Investment can be one of the best financial decisions you can make — or one of the worst. While the basic principle of trading stocks is not difficult to understand, you’ll need to spend some time developing your instincts so that you know when to take the critical steps, like selling shares of Apple or buying into a startup.
Today, let’s look at some of the equations you can use to develop accurate instincts, especially when considering your stocks and their value to you.
Price and Earnings
Most stockbrokers evaluate shares by their price, dividing it by the company’s annual net income.
This equation, known as the P/E ratio, determines the comparative expense of a share: stocks with low P/E are cheap, while a high P/E designates expensive shares.
While a stock with a low P/E is less costly to buy, be cautious; cheap doesn’t make it worth your while.
You might be better off saving up for a stock with a high P/E: it will cost you more initially but will likely continue building as long as you choose to hold it.
P/E is an imperfect system of measurement, though. If a new company grows rapidly its P/E will shoot up: the stock price rises while the earnings stay low.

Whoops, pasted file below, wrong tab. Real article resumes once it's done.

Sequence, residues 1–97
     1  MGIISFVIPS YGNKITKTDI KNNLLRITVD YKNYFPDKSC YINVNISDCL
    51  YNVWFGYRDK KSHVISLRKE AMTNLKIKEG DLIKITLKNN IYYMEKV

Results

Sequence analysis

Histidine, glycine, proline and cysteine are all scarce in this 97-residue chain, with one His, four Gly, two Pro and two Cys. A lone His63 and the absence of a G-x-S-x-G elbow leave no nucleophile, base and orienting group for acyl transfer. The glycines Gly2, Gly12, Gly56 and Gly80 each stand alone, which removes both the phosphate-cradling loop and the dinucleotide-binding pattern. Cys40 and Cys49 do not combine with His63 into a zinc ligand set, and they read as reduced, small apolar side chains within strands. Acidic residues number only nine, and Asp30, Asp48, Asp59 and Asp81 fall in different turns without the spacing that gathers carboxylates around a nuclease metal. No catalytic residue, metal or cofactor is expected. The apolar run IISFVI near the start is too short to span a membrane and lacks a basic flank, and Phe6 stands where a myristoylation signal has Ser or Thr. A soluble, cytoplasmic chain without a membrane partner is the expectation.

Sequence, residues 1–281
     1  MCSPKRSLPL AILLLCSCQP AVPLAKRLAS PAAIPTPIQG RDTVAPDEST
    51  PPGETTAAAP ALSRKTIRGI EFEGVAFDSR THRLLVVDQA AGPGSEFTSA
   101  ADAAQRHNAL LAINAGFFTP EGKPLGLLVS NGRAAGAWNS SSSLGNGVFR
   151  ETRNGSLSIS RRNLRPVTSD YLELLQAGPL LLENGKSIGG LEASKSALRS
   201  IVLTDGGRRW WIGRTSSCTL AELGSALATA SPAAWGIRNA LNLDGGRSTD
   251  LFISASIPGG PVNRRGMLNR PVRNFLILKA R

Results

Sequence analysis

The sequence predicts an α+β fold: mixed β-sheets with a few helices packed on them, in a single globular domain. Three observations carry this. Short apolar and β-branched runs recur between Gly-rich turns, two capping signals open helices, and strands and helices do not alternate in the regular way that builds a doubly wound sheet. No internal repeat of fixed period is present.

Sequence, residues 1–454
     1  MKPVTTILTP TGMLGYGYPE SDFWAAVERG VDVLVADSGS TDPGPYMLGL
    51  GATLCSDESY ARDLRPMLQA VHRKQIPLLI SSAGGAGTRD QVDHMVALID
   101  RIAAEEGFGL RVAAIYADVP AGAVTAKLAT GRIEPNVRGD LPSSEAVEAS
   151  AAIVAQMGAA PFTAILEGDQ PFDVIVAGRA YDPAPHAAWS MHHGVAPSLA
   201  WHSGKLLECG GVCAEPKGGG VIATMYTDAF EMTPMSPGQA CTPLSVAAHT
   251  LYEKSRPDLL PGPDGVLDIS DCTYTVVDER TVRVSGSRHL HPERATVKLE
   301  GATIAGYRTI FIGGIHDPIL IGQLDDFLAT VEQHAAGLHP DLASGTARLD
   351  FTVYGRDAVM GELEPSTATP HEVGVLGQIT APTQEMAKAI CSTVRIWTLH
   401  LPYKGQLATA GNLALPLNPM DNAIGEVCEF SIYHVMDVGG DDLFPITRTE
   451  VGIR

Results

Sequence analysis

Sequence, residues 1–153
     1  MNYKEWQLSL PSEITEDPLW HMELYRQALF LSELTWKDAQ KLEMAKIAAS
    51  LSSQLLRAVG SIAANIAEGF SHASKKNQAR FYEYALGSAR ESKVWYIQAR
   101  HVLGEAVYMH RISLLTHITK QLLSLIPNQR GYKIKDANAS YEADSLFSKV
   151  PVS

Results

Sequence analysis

On the other hand, a stock with a low P/E may look cheap and tempting, but it might be because many investors have decided it’s not going to earn enough.
When you buy shares in a company, they pay you back for your partial ownership of the business.
These dividends usually consist of a portion of their profits, so they can be useful in evaluating the direction your stocks are headed.
If your dividends aren’t yielding what they should be, you’ll have to either cut your losses or wait for it to rise again.
The price-to-book ratio, otherwise called P/B, is an equation created by dividing the share price by the value of that company’s assets.
This book value indicates whether your shares are at a fair value compared with the other companies in the industry;
if the P/B is low, it may be undervalued in its sector or overvalued if the P/B is high.
The other common ratio used for evaluating the value of stocks is price-to-sales, otherwise known as P/S. This equation takes multiple factors into account.
The outstanding shares multiply by each share’s price, then that total divides by the company’s revenue from the previous 12 months.
The P/S ratio shows how much overall value comes from each dollar the company brings in, which helps you evaluate stocks over a longer time.
The calculations become more significant when the industry has a challenging year because it can help determine whether your company will bounce back or not.
The world of stockbroking can have confusing elements, but if you use the available information correctly, you can climb to a level you won’t reach in other places.